Molefe Seeletsa

By Molefe Seeletsa

Digital Journalist

Return to school will help migration of early childhood development – Motshekga

Basic Education Minister Angie Motshekga said ECD migration will start on 1 April 2022.

Basic Education Minister Angie Motshekga says pupils returning to school full-time will help in implementing the migration of the Early Childhood Development (ECD) sector.

Last year, government decided to shift the ECD sector from the Department of Social Development (DSD) to the Department of Basic Education (DBE), which was lauded as “a great initiative” by many.

Addressing the media on Sunday morning, Motshekga confirmed that ECD migration will commence in April 2022.

“We also are excited that with the return to schools, we will also be able to facilitate our work around the ECD function shift. So the migration gives us, as a sector, an opportunity to craft and implement innovative strategies to strengthen the foundation of learning.

“For this reason, one of the key priorities that we have is to focus on this ECD shift which is going to begin from 1 April this year,” she said.

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The Citizen previously reported that the departments are expected to first conduct a census of all registered and non-registered ECD centres.

This will be used to integrate ECDs to the DBE’s education management information system and expand the provisions of education support programmes as well as play-based learning.

Outcomes from the baseline assessments of four year olds will assist the DBE in tracking and improving the quality of ECD provisions for the next five to 10 years, while other benefits include higher intelligence scores, less grade repetition and lower dropout rates in the future.

‘Lack of clarity’

The process of ECD migration was first announced in the 2019 State of the Nation Address (Sona) by President Cyril Ramaphosa.

But some concerns were raised by ECD teachers over the migration.

“ECD teachers highlighted their frustration with the lack of clarity about the migration, especially because they are unsure about the impact it will have in the sector.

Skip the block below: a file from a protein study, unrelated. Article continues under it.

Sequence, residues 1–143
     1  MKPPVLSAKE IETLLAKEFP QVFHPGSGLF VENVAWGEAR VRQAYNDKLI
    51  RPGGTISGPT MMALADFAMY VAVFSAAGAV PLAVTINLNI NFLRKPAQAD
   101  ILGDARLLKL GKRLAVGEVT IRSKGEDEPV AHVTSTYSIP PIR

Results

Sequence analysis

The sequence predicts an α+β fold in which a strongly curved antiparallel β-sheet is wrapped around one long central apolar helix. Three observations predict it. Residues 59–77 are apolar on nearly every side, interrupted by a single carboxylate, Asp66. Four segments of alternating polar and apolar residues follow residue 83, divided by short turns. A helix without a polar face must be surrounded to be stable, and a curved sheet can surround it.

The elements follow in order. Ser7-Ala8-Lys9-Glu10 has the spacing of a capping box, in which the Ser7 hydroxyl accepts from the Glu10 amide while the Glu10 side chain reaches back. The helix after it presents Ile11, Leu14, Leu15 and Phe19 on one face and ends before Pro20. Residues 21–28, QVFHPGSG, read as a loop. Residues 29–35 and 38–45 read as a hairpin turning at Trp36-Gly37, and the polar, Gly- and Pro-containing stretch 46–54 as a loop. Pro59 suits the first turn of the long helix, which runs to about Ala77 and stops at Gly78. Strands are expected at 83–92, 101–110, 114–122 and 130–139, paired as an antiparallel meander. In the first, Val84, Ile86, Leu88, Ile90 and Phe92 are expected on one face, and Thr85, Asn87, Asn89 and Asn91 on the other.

“They are particularly concerned about the absorption and training of ECD teachers, existing resources and plans, as well as ECD practitioners who are above the age of 60,” Parliament’s Portfolio Committee on Social Development said in a statement in November last year.

READ MORE: Humanitarian crisis surrounds ECD sector in poor areas

The committee indicated that the lack of provision of infrastructure and support for the ECD centres was also raised as a concern.

“The mushrooming of unregistered ECD centres that do not comply with norms and standards was attributed to this lack of support. This has compromised the safety of children in these centres.”

“The participants further called for the development of ECD centres that are equipped and accessible to children with disabilities. A call was made to the departments of Social Development and Basic Education to prioritise training of ECD practitioners on how to work with children with disabilities,” the committee said.

It called for both departments to convene a meeting with the ECD sector to provide information about the migration and address all the concerns.

Full attendance in schools

Earlier in the briefing on Saturday, Motshekga said the DBE is confident that schools are ready for the new normal.

This comes after Cabinet approved changes to alert level 1 Covid-19 regulations this week, which saw rotational classes scrapped.

From Monday, primary, secondary and special needs schools will return to daily attendance, with the regulatory provision of one-metre social distancing for pupils no longer in place.

The minister said provinces have made several preparations to accommodate all the returning pupils.

Additional reporting by Reitumetse Makwea